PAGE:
I can’t see this novel playing well in middle-America, but it is important because of its characterizations and I will speak from experience, once you get this story and these characters in your mind, there is absolutely no way to get them out. No amount of Lysol will do it. It is reflective of our country’s obsession with fame to the point of absurdity. It will make you laugh. It will make you angry. It will make you want to pistol whip somebody.

Language and subject matter probably won’t appeal to many of the readers on this list. For those whose sensitivities are easily blasted, this is porn taking a look at porn. “Fifty Shades of Grey” might want to pass itself off as a pig in a suit, but this is what it is. There is no preamble. Right from the get-go we are f—ing.

What is wrong with this book is that everything is right. There are too many people in the world like this. He’s not making fun of Hollywood. He’s not making fun of the tabloid newsstand. No, he’s making fun of what America has become. Facebook, text, and tweet that, twit. It’s partly the vanity and vacuousness of Beverly Hills, but even more so, it is a mirror image of the culture that worships them.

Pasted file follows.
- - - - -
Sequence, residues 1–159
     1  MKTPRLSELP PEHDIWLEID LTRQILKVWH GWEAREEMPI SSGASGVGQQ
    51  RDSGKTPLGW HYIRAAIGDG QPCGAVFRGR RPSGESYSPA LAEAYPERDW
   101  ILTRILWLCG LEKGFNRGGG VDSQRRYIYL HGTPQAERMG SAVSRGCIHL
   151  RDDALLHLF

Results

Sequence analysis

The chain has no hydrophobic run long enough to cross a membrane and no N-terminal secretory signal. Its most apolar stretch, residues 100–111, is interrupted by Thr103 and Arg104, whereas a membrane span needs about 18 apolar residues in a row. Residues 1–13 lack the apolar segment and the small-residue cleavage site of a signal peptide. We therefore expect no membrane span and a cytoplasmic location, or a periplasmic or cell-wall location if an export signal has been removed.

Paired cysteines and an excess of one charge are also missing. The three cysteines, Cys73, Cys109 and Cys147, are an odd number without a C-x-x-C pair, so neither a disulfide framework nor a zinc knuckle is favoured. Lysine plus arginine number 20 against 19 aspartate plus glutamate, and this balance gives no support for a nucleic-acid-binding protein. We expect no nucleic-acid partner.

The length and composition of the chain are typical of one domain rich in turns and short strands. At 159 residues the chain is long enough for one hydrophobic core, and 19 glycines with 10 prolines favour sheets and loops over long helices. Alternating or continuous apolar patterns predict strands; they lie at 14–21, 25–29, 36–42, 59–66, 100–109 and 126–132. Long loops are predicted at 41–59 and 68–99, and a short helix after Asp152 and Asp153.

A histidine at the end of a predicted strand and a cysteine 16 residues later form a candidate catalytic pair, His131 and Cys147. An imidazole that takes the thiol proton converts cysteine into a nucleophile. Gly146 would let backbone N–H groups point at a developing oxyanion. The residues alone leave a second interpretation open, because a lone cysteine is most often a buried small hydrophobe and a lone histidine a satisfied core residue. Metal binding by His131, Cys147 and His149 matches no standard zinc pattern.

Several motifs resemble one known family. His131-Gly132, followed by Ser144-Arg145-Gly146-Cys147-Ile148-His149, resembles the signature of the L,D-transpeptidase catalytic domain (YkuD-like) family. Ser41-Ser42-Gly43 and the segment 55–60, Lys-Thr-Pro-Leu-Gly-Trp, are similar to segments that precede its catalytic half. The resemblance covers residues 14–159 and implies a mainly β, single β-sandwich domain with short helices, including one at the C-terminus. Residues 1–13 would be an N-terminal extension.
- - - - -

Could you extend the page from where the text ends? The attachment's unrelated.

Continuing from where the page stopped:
How close to reality is it? My son was selling magazines this week for his school. There was a 1 page offering for science and history. They’ve discontinued the literature section except for certain literary magazines which are nothing more than hi-brow navel-gazing. There were several pages for sports (essentially J-Lo in the body of PacMan Jones). And the rest of the 40-50 page catalog was basically glamour and star-chasing with cleavage and “secret tips” galore. This is for an elementary magazine sale fundraiser. But we all know that if my son went door-to-door with a one-sheet of intellectual fare, he would sell nothing. The point of Wagner’s novel is well-made and, unfortunately for those who seek a more erudite world, you’re not helping. No matter what we like to think of as traditional values, the question comes down to this: Will doing a sex tape or posing nude make us famous when we have no other talent or redeeming value to offer? And if we are not doing the tape or posing, will we be enablers by looking or talking about it to our friends? Do we talk about the personal lives of stars as though we know them? Therein is the rub of this book because in this culture, there really is only one answer.